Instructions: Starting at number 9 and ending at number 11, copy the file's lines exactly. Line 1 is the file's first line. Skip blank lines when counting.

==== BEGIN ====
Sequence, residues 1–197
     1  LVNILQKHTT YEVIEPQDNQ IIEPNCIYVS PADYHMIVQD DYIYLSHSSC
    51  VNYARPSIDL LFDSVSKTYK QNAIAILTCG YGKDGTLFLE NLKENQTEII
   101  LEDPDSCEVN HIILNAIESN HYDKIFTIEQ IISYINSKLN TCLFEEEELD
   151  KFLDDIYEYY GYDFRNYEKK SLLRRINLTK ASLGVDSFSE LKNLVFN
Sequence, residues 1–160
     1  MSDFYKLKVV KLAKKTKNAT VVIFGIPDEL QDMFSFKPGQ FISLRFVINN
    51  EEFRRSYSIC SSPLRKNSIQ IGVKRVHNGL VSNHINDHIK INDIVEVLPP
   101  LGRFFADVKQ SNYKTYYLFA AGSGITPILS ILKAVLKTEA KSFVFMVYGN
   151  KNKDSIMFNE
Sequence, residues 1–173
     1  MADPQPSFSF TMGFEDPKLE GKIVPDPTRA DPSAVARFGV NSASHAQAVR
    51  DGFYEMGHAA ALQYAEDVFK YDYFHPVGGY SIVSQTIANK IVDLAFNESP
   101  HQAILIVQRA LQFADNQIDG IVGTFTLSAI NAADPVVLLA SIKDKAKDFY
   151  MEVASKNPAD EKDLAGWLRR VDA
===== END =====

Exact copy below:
   101  LGRFFADVKQ SNYKTYYLFA AGSGITPILS ILKAVLKTEA KSFVFMVYGN
   151  KNKDSIMFNE
Sequence, residues 1–173